by Megan Morgan
I've had the dream several times. I have compiled each time to try to make sense of it.
|I had a dream…
In my dream it must have been late afternoon but the fog blocked the sun. There were no breaks in the cloudiness but for a few strands of sunlight. Engulfed by the fog, I sat by the train tracks at an old railroad station on a rotting bench waiting for something or someone. I didn’t know which. I felt like I had been waiting a very long time.
I sighed. My breath hung in the air in front of me. I turned my head to the right. There was nothing there but the swirling mist. I turned to the left and in a millisecond leapt from the bench. I chuckled to myself and smiled in relief. I had caught a glimpse of myself in the window of the station behind me. At least… I thought it was me.
I walked slowly to the old, cracked bay window. “It’s dusty,” I thought to myself. The thought echoed for what seemed like hours. As I stared at the obscured reflection, I thought, “That’s not me.” I pulled the sleeve of my hoodie over my hand and rubbed the window to clear away the sediment.
A young woman of her late 20’s stared back at me. We glanced each other over, my “reflection” and I. She wore the same clothes as mine but they were aged. A bright blue hooded sweat shirt with a large, blurred, multi-colored symbol across the chest, jeans with the heels worn to shreds from years of being walked on, and black DC sneakers with the laces covered by the long jeans. I looked down at my own attire as my reflection did the same. “No, that couldn’t be me. I just got these clothes.” I looked back at my reflection and realized that the clothes weren’t the only difference.
She was taller than I am, but not by much. Her hair was different. Cut in short two-strand twists, not long like my braids. Her face is older than mine, not as girlish. I flash a grin; she does, too. The braces are gone from her mouth. No gaps or crooked teeth remain. Then it happened.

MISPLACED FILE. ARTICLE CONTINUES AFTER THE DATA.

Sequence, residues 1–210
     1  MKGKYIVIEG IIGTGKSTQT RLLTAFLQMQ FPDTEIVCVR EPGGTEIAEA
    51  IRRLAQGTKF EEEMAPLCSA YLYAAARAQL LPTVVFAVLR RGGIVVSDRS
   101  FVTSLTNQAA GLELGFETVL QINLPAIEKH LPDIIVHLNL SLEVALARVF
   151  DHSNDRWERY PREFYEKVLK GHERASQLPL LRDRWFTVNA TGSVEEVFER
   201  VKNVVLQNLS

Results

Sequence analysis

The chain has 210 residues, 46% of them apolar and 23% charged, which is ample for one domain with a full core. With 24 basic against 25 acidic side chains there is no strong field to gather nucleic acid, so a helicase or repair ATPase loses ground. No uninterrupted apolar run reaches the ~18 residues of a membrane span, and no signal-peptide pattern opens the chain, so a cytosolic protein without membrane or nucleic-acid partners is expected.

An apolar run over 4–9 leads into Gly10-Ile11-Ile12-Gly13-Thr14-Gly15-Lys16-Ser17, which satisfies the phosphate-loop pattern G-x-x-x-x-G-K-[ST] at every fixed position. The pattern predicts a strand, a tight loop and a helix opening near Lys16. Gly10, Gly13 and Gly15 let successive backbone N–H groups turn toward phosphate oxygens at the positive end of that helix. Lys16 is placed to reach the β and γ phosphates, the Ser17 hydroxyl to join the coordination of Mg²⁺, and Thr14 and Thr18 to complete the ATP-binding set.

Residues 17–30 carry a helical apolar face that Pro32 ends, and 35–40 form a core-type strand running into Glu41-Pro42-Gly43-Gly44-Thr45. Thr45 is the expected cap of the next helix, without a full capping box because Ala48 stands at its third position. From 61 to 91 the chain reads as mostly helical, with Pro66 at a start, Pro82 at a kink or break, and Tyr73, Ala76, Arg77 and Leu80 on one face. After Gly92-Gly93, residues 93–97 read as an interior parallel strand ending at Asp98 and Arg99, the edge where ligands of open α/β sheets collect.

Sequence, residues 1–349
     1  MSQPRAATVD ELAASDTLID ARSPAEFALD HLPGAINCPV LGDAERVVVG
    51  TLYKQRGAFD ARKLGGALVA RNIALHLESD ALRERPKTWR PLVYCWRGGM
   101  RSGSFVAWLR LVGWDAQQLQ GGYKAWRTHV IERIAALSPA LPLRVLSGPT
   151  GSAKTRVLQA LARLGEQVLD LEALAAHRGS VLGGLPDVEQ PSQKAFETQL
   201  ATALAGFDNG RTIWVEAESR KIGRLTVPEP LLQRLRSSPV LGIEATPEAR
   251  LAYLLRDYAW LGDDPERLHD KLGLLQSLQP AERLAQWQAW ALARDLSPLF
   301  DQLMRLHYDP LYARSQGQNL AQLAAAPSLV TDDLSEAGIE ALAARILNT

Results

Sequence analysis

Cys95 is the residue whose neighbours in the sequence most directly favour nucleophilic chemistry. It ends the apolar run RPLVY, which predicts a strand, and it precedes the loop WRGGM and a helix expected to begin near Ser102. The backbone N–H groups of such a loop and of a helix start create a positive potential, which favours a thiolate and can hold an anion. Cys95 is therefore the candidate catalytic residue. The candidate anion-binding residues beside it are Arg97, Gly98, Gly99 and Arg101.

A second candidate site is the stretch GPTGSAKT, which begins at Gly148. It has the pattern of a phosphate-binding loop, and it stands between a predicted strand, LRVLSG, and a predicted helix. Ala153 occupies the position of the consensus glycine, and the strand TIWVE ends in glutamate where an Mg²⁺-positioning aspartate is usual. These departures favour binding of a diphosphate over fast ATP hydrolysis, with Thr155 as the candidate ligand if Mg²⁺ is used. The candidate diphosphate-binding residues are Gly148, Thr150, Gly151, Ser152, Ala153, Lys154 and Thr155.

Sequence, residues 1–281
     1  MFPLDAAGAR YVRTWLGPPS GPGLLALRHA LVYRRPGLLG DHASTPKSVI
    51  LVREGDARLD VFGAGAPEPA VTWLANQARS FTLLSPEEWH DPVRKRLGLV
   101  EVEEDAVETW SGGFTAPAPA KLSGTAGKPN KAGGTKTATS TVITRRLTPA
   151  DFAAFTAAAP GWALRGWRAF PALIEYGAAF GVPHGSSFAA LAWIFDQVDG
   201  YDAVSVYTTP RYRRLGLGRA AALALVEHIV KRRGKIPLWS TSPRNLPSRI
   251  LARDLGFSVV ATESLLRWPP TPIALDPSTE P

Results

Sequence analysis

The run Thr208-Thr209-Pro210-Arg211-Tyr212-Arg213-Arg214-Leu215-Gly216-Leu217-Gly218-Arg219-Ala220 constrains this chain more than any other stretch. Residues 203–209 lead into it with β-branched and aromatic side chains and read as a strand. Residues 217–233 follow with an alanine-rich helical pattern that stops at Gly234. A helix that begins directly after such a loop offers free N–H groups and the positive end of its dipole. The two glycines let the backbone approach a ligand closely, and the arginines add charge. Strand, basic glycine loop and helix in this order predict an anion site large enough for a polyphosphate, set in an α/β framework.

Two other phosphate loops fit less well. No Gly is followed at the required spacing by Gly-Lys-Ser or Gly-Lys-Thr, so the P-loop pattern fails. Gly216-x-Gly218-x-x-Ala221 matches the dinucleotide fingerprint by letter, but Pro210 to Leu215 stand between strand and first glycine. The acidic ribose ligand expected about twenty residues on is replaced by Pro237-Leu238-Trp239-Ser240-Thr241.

We locked eyes. Our eyes are the same color, size, and shape but they’re different. Her eyes have a spark of wisdom and knowledge, mine of innocence and inexperience. “You’re not me are you?” I ask out loud. She smiles at me. “Yes and no,” she says. Then, she turns and walks away from the window. I follow the sound of her footsteps to the door of the old station. We look at each other; I in disbelief, her in amusement.
“’Yes and no?’ What do you mean?”
“I am you but you are not me.”
“Are you the one I’ve been waiting for?”
“No. I have been waiting for you.
“Why didn’t you call to me? I was waiting right outside.”
“I was taking some time to remember what it was like to be you.”
“But you are me.”
“Not exactly. I have seen more than you have seen, I’ve done more than you have done, and I know more than you do now. Our experiences shape who we are so we are forever changing.”
“Well, why did you come back? Are you supposed to change something? Did something go wrong?”
“No. Don’t worry. I trust that you will find the right path. I did.”
My head was beginning to hurt if that’s possible in a dream.
“Well then why did you come back?”
She replied, “I just needed to remember what it was like to be you.”
“Ok. So, what happens now?”
“I can leave.” She pointed toward the sky. “It’s getting late.”
Then she turned and walked away down the path next to the tracks. I stood there bewildered, wondering what had just happened. I had so many questions. Who do I become? What would you have done differently? What do I do to make sure I’m like you? But, then I realized. This was all for her not me. I would find myself in time but she needed me to remind her of who she used to be. You have to know where you’ve been to know where you’re going. She looked back and smiled at me once more before disappearing into the sunset lit, amber haze.
Then I woke up.